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Old 02-01-2013, 11:50 AM
stamina stamina is offline
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The opinion in Heller addresses Miller, and what types of weapons it allows, so instead of guessing, we can go straight to the source:

Quote:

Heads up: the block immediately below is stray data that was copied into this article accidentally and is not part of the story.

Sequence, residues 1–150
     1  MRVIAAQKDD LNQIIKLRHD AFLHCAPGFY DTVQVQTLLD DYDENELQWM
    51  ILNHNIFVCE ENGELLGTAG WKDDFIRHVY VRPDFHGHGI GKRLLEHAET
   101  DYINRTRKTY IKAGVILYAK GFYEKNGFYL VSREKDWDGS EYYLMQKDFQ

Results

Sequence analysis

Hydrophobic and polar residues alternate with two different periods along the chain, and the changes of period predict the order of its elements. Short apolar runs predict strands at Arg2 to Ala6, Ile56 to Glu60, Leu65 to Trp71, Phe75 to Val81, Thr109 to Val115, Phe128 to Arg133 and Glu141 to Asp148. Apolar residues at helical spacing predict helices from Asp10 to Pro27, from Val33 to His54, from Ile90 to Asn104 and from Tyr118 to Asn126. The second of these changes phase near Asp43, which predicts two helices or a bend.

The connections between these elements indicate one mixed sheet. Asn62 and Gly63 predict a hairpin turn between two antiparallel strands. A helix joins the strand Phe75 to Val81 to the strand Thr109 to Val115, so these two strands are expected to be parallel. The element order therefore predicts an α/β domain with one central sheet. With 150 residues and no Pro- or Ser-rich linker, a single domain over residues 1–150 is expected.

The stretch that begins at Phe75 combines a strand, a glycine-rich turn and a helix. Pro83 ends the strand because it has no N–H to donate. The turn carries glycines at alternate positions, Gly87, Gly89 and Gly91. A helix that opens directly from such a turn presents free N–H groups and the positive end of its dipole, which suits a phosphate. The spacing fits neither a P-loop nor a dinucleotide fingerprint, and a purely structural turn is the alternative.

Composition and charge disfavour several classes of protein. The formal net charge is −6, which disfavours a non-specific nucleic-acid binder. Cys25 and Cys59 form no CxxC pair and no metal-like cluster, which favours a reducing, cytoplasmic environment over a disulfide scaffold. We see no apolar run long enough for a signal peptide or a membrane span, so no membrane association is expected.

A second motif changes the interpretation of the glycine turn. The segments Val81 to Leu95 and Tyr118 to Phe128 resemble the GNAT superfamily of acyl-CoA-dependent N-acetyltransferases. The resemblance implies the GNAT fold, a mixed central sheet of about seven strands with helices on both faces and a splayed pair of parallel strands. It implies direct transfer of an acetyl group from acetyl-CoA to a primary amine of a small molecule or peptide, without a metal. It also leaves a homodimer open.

We may as well consider at this point (for we will have to consider eventually) what types of weapons Miller permits. Read in isolation, Miller’s phrase “part of ordinary military equipment” could mean that only those weapons useful in warfare are protected. That would be a startling reading of the opinion, since it would mean that the National Firearms Act’s restrictions on machineguns (not challenged in Miller) might be unconstitutional, machineguns being useful in warfare in 1939. We think that Miller’s “ordinary military equipment” language must be read in tandem with what comes after: “[O]rdinarily when called for [militia] service [able-bodied] men were expected to appear bearing arms supplied by themselves and of the kind in common use at the time.” 307 U. S., at 179. The traditional militia was formed from a pool of men bringing arms “in common use at the time” for lawful purposes like self-defense. “In the colonial and revolutionary war era, [small-arms] weapons used by militiamen and weapons used in defense of person and home were one and the same.” State v. Kessler, 289 Ore. 359, 368, 614 P. 2d 94, 98 (1980) (citing G. Neumann, Swords and Blades of the American Revolution 6–15, 252–254 (1973)). Indeed, that is precisely the way in which the Second Amendment ’s operative clause furthers the purpose announced in its preface. We therefore read Miller to say only that the Second Amendment does not protect those weapons not typically possessed by law-abiding citizens for lawful purposes, such as short-barreled shotguns. That accords with the historical understanding of the scope of the right, see Part III, infra.25
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